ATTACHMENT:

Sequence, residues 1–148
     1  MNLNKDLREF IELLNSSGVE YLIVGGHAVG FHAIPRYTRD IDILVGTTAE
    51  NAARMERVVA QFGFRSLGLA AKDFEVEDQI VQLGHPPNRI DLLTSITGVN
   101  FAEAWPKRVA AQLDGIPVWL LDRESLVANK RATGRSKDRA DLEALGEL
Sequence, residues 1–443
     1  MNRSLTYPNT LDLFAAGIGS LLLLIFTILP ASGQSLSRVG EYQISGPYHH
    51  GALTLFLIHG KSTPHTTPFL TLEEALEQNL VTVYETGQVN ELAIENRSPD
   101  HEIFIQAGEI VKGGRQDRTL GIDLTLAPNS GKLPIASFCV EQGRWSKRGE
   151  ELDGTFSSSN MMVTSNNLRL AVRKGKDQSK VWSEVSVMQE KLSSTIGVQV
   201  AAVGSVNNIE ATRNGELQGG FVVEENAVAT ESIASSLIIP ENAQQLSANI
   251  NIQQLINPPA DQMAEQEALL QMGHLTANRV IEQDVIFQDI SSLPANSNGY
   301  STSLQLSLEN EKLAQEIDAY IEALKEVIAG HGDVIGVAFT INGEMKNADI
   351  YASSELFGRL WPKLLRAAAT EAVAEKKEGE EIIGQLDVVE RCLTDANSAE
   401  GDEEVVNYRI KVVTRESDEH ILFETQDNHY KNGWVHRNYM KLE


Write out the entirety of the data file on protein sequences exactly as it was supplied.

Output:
Sequence, residues 1–148
     1  MNLNKDLREF IELLNSSGVE YLIVGGHAVG FHAIPRYTRD IDILVGTTAE
    51  NAARMERVVA QFGFRSLGLA AKDFEVEDQI VQLGHPPNRI DLLTSITGVN
   101  FAEAWPKRVA AQLDGIPVWL LDRESLVANK RATGRSKDRA DLEALGEL
Sequence, residues 1–443
     1  MNRSLTYPNT LDLFAAGIGS LLLLIFTILP ASGQSLSRVG EYQISGPYHH
    51  GALTLFLIHG KSTPHTTPFL TLEEALEQNL VTVYETGQVN ELAIENRSPD
   101  HEIFIQAGEI VKGGRQDRTL GIDLTLAPNS GKLPIASFCV EQGRWSKRGE
   151  ELDGTFSSSN MMVTSNNLRL AVRKGKDQSK VWSEVSVMQE KLSSTIGVQV
   201  AAVGSVNNIE ATRNGELQGG FVVEENAVAT ESIASSLIIP ENAQQLSANI
   251  NIQQLINPPA DQMAEQEALL QMGHLTANRV IEQDVIFQDI SSLPANSNGY
   301  STSLQLSLEN EKLAQEIDAY IEALKEVIAG HGDVIGVAFT INGEMKNADI
   351  YASSELFGRL WPKLLRAAAT EAVAEKKEGE EIIGQLDVVE RCLTDANSAE
   401  GDEEVVNYRI KVVTRESDEH ILFETQDNHY KNGWVHRNYM KLE